The always-hot legal market for U.S. Supreme Court law clerks has gotten even hotter for those who served at the high court last term. Hiring bonuses have reached $300,000.
The new milestone, first reported by Above the Law, underscores the growing allure of high court clerks among big law firms seeking hard-working associates with cachet — the exclusivity of being one of only 39 lawyers privy to the inner workings of the court. (Each sitting justice has four clerks, while the three retired justices get one clerk each.) Added to first-year associate salaries, the bonuses can mean earnings of close to $500,000 during the former clerk's first year.
Interestingly, New York law firms have become increasingly willing to pony up the large bonuses. This year's list of firms paying $300,000 includes New York giants Paul, Weiss, Rifkind, Wharton & Garrison; Skadden, Arps, Slate, Meagher & Flom; and Sullivan & Cromwell.
Traditionally, New York firms have not fielded big Supreme Court practices, because the return is not as high as with other practice areas. "It's not particularly profitable for a New York firm interested in high-end practices," said one New York partner who declined to be quoted by name.
Their increasing willingness to pay high hiring bonuses to clerks does not necessarily mean the New York firms are changing their minds and building Supreme Court practices. It's just that they are ready to pay top dollar for top-drawer associates who can help the firm in any arena.
"In today's market, there is an increasing competition to attract the best talent," Paul Weiss' Brad Karp said. "Supreme Court law clerks are a very good bet in that regard."
Paul Weiss lawyers have argued only occasionally before the Supreme Court over the years, although its latest at-bat was a big one: the same-sex marriage case U.S. v. Windsor, a win for partner Roberta Kaplan. It is also notable that all three women on the Supreme Court — Ruth Bader Ginsburg, Sonia Sotomayor and Elena Kagan — were once summer associates at Paul Weiss in New York.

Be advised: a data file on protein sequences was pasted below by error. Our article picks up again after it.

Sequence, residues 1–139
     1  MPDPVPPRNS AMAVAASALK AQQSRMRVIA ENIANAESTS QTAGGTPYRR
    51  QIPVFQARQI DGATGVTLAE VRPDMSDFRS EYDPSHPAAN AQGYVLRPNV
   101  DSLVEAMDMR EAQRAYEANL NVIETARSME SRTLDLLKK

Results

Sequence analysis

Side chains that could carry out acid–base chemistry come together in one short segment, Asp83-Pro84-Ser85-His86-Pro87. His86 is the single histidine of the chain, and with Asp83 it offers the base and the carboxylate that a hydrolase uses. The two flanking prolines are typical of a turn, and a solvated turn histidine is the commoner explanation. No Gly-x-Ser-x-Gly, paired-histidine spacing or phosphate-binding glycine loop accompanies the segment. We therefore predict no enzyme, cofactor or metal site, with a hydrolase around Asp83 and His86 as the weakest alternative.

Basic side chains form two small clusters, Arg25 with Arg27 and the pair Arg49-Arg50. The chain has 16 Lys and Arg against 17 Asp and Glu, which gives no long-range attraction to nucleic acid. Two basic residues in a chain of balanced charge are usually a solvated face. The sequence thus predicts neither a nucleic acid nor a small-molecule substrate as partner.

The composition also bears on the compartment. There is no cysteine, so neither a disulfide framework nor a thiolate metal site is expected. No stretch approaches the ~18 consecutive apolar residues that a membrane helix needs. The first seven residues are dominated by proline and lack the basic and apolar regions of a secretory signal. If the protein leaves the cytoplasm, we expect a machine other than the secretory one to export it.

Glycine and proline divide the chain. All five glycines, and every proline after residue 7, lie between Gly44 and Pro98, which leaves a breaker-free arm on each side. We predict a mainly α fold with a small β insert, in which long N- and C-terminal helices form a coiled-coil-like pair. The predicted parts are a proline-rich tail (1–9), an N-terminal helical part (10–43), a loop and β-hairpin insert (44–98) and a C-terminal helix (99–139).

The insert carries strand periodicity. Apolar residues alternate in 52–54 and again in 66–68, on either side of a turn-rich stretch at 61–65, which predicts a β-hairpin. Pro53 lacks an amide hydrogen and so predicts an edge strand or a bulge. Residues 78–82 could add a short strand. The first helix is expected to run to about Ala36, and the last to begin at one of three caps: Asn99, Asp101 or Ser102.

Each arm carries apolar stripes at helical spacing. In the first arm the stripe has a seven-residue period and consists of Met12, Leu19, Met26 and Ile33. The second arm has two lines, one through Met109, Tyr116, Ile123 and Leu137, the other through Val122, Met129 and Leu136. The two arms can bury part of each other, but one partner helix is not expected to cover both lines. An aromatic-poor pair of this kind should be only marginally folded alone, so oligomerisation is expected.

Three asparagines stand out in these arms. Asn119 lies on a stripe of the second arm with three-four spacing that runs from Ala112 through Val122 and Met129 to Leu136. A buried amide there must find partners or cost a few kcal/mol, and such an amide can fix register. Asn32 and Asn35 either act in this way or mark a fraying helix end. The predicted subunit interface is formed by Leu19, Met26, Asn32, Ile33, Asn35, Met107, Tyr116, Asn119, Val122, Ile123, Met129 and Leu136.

At other firms, the $300,000 milestone has not seemed to attract the grumbling that accompanied past increases. "It's a good investment," said Lisa Blatt, who leads the Arnold & Porter appellate and Supreme Court practice. Some veteran advocates used to complain that high court clerk hires would work a few years to pay off student debt, then depart for academia or government work.
"We already have made offers with that bonus number in them and we have one acceptance so far," said Carter Phillips, chairman of Sidley Austin's executive committee. Phillips said he and partner Peter Keisler were recently recalling some of the former clerks Sidley has hired, and "how extraordinarily well they are doing. So if you find the few who really want to practice law, the investment is well worth every penny. But the practice from the '80s and early '90s of corralling as many as you can get and hope that one or two will stay forever is not an attractive course to follow at this price tag."
Thomas Dupree Jr., hiring partner in the D.C. office of Gibson, Dunn & Crutcher, agreed the clerks are worth the money.
"Supreme Court clerks are talented young men and women who are very much in demand by the nation's top law firms," Dupree said in an email. "We view the bonus as a long-term investment in the clerk's career with Gibson Dunn, and we have been very successful over the years in hiring the best and the brightest young lawyers as our associates."
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